Amazing is the fact that although the organisms have been known since the end of the seventeenth century, effective study of this group of organisms started after about 160 years, in the last two decades of the nineteenth century. The origins of science about bacteria were very difficult, there were many unknowns and conflict information. The research results provided by various scientists created complete chaos. From today’s perspective, it is difficult to imagine how it was possible, do research in such conditions, and obtain reliable results? Yet despite these difficulties, knowledge of our predecessors was neither so small nor so doubtful as might be supposed. On the contrary, it was surprisingly big and wide. What our predecessors knew about bacteria and especially their importance in nature? They knew that bacteria live everywhere, knew about their unlimited spread in the biosphere. The role of microorganisms in the mineralization of organic matter was known, as well as the circulation of matter in nature and role of bacteria in cycles of nutrient elements, and the solar energy as the driving force behind these changes. Today - although we understand these mechanisms much more accurately, we know a lot details and individual changes - but the basic outline of the functioning of the biosphere, valid until today created our predecessors. A look back at the beginning of the microbiology teaches us, how much can be achieved with seemingly primitive methods, if accompanied by a passion for research and imagination.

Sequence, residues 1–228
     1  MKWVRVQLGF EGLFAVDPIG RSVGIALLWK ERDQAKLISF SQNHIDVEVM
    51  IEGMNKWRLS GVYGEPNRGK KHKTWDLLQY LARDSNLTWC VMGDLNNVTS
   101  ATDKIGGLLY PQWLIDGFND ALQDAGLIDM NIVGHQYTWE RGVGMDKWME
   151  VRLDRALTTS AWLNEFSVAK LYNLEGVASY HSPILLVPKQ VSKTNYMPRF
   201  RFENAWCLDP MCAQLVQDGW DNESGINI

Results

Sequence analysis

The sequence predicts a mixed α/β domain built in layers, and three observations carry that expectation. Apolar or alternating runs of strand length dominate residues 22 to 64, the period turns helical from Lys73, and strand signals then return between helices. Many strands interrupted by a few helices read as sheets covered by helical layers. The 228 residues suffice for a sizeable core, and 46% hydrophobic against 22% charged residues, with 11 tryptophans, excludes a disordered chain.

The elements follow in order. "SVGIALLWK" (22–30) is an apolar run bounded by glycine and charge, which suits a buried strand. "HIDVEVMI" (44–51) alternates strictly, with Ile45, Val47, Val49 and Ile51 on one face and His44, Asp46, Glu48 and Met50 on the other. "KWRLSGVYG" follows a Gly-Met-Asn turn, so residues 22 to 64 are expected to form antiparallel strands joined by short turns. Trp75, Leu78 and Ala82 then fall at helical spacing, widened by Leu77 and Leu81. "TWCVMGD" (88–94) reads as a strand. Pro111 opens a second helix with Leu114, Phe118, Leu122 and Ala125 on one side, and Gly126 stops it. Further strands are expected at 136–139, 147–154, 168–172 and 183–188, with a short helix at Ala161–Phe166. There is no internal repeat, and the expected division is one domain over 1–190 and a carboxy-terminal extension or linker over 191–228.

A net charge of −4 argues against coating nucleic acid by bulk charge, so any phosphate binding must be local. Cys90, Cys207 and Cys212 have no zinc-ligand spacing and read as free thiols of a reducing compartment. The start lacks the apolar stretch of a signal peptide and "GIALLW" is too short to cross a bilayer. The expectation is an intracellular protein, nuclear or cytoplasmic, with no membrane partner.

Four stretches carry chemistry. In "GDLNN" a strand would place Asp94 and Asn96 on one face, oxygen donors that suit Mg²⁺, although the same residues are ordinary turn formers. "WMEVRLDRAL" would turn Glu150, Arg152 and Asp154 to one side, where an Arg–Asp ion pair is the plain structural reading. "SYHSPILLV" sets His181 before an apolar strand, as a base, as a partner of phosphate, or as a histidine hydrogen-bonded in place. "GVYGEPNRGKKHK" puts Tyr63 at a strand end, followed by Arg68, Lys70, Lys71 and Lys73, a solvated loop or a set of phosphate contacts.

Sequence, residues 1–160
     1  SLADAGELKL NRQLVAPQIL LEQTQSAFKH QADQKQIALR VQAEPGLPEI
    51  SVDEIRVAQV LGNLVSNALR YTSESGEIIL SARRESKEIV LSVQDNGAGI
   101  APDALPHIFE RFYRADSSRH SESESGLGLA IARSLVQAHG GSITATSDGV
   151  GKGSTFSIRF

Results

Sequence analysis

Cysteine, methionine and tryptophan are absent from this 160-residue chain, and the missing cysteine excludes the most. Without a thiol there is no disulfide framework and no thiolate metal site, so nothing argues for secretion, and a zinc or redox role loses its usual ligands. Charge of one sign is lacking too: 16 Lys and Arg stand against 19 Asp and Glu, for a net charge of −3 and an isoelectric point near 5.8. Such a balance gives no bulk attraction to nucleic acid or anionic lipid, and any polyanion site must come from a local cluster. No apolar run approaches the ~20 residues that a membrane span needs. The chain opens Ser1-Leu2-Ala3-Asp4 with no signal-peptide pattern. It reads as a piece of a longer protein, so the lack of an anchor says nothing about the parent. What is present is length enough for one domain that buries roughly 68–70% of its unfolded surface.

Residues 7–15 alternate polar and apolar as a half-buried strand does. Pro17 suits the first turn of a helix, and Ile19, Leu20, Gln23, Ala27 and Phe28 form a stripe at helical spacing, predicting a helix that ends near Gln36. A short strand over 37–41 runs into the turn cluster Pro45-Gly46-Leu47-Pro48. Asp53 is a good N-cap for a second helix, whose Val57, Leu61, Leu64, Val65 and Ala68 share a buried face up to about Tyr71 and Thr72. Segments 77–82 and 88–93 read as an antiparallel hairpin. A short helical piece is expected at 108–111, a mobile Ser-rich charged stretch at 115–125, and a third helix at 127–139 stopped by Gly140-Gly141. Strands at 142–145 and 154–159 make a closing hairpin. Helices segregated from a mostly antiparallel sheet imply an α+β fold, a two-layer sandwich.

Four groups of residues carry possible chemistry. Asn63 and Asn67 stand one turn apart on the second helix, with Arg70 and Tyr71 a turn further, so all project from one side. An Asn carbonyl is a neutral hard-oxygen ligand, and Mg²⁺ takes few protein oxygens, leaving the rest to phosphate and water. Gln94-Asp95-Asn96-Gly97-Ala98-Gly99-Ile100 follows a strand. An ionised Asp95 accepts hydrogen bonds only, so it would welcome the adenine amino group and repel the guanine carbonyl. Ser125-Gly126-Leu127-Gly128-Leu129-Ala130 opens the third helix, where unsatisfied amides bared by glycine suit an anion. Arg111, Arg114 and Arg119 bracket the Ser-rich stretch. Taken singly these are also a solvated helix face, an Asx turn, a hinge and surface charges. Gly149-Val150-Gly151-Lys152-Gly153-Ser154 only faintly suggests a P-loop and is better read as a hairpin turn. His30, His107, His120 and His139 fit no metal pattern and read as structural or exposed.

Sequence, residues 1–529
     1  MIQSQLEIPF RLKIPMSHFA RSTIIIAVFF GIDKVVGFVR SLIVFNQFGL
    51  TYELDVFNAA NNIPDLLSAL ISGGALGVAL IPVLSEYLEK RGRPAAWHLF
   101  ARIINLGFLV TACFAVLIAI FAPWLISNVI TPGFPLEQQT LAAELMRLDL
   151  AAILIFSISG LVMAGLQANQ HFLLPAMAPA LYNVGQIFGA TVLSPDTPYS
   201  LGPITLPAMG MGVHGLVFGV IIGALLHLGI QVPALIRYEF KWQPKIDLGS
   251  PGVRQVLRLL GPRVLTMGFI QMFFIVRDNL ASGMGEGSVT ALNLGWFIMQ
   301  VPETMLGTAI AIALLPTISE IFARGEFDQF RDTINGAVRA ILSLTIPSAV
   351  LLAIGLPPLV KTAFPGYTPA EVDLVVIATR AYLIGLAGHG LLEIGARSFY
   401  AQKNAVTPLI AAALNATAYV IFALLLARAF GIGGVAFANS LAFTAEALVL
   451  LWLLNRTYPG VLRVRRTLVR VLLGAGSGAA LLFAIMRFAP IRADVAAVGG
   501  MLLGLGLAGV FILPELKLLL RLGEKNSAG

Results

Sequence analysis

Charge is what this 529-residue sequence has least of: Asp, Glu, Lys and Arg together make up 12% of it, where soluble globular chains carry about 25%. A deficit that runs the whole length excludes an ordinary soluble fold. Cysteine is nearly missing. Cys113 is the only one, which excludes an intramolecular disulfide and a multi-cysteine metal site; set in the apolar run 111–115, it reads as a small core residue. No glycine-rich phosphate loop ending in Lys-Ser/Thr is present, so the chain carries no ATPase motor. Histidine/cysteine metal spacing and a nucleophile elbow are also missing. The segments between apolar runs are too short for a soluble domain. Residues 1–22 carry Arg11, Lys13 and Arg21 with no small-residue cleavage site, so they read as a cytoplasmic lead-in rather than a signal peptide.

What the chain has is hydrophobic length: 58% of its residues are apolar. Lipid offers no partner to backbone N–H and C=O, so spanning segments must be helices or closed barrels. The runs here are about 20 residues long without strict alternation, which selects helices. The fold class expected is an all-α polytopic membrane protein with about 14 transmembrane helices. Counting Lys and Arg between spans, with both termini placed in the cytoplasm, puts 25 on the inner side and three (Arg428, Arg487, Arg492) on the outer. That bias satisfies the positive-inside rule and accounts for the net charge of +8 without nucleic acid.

Keywords

  • history of microbiology
  • biosphere
  • cycles of elements
Open Access

Two English Chemists/Authors/Teachers: John Read and James Riddick Partington

Published Online: 25 Jan 2019
Page range: 47 - 69

Abstract

Abstract